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Timescales and Conditions for the Aqueous Alteration of Chondrites
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|Title:||Timescales and Conditions for the Aqueous Alteration of Chondrites|
Solar System Formation
Secondary Ion Mass Spectrometry
|Issue Date:||Aug 2015|
|Publisher:||[Honolulu] : [University of Hawaii at Manoa], [August 2015]|
|Abstract:||It has become well-recognized that water played a critical role in the early geological evolution of materials through observation of hydrated phases in chondritic meteorites. However, details about the mechanism, timing, and conditions of aqueous alteration are poorly constrained. This dissertation investigates water-driven processes in Renazzo-like (CR) carbonaceous chondrites, with some comparison to the heavily altered and Mighei-like (CM) chondrites. CR chondrites were chosen as the focus of this study, as they are the only chondrite group to range from practically anhydrous to completely hydrated, providing petrographic context for the aqueous alteration process.|
The central goal of the thesis is to elucidate the complete mechanism of aqueous alteration, from primary anhydrous components to secondary minerals. This research uses a variety of micro-analytical techniques to address three main objectives: 1) to detail the petrographic context, 2) to quantify the onset and duration of alteration using radiometric dating, and 3) to constrain the fluid chemistry and conditions for aqueous alteration. On a microscopic scale, fine-grained matrices and glassy mesostases were the first phases to become altered, allowing for elemental transport over short distances (< 100 microns). As alteration progressed, the iron-metal was oxidized, and silicate phenocrysts were pseudomorphically replaced. 53Mn-53Cr radiometric dating of secondary carbonates in CR chondrites show that aqueous alteration began quickly after accretion of the parent body, ~4 Myr after the beginning of the Solar System. This is contemporaneous with dolomite formation in the CM chondrite Sutter’s Mill and with carbonate formation in other CM chondrites. However, the calcite age from a heavily hydrated CR lithology indicates that late-stage alteration occurred ~12 Myr after the beginning of the Solar System. The oxygen isotopic compositions of magnetite and carbonate minerals reveal that altering fluid evolved toward lighter oxygen composition as alteration progressed on the CR parent body. Oxygen isotope geothermometry indicates low precipitation temperatures (near ~40˚C) for CR alteration assemblages. Simple geochemical models of secondary assemblages reveal that alteration occurred under neutral to alkaline pH (>7), and under high H2S fugacity relative to O2. This research shows that the aqueous alteration process was spatially variable on the CR parent body, and that the localized environmental conditions contributed to unique alteration assemblages.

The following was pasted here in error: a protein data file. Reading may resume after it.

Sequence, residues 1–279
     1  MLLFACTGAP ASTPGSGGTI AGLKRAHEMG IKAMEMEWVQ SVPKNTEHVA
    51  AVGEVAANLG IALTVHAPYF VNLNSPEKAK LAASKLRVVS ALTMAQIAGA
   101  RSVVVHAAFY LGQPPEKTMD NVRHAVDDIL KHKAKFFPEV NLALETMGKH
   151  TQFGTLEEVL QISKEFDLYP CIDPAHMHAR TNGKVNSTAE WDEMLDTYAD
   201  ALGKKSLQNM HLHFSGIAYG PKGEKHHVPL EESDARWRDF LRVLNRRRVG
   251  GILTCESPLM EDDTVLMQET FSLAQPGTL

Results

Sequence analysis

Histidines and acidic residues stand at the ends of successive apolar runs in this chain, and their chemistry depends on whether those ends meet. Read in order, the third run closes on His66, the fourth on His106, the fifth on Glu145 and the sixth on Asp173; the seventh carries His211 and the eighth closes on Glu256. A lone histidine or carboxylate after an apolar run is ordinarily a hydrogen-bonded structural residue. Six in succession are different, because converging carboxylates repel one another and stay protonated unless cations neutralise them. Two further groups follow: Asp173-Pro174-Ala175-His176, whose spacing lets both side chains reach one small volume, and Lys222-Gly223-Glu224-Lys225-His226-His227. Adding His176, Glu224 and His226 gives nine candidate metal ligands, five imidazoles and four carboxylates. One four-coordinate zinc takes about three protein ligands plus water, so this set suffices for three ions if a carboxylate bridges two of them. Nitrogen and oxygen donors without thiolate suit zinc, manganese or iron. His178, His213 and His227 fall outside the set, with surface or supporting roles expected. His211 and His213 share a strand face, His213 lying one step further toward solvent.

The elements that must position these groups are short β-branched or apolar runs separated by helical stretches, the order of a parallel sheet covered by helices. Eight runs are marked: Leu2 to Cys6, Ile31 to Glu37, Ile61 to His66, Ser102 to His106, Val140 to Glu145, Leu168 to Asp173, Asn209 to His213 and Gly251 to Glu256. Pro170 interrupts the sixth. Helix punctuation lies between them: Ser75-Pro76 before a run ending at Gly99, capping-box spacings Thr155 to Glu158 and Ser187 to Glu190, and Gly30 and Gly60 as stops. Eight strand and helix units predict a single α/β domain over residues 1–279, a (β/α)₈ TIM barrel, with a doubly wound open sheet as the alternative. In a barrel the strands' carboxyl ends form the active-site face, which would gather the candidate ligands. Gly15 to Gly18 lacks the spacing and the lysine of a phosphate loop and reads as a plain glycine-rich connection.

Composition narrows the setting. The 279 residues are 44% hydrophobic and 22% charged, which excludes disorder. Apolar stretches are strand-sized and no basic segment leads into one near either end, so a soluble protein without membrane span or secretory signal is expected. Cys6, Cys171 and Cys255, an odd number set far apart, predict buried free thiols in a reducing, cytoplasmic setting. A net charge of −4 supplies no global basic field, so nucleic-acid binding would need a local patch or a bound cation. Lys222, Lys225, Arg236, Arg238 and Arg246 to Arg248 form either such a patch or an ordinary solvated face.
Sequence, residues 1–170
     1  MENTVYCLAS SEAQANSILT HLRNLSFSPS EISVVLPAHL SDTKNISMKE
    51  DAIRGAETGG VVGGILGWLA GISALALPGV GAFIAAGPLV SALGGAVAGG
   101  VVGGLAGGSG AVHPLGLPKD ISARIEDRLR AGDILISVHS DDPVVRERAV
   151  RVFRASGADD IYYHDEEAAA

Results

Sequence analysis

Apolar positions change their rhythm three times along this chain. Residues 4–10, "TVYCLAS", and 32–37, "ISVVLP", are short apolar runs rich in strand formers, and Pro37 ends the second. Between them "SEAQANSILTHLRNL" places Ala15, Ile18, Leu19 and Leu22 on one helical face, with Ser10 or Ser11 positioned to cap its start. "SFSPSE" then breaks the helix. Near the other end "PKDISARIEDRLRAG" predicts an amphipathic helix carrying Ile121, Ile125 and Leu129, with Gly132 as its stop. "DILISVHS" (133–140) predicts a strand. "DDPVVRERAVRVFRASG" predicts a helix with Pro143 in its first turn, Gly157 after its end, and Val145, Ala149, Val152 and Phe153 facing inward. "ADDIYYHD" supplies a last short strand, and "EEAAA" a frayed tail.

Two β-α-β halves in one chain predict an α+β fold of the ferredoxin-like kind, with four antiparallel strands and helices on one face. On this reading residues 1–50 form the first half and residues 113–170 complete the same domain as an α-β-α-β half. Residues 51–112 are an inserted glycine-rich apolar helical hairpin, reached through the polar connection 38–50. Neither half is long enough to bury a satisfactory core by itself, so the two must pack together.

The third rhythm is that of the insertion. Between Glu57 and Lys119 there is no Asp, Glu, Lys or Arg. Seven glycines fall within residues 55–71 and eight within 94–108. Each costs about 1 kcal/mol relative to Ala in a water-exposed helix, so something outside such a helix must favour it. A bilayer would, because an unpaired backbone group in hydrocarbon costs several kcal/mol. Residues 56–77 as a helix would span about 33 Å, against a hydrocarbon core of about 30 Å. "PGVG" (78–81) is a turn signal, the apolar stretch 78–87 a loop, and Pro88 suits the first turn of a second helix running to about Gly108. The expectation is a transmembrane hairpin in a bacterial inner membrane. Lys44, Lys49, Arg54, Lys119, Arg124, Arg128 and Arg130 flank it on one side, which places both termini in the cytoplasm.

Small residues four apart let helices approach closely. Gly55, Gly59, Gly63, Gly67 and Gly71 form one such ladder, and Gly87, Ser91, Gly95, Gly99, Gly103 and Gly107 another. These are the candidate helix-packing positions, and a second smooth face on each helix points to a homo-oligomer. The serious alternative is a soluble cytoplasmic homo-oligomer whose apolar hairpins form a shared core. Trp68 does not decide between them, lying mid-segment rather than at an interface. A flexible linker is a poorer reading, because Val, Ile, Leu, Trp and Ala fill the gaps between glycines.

|Description:||Ph.D. University of Hawaii at Manoa 2015.|
Includes bibliographical references.
|Appears in Collections:||Ph.D. - Geology and Geophysics|
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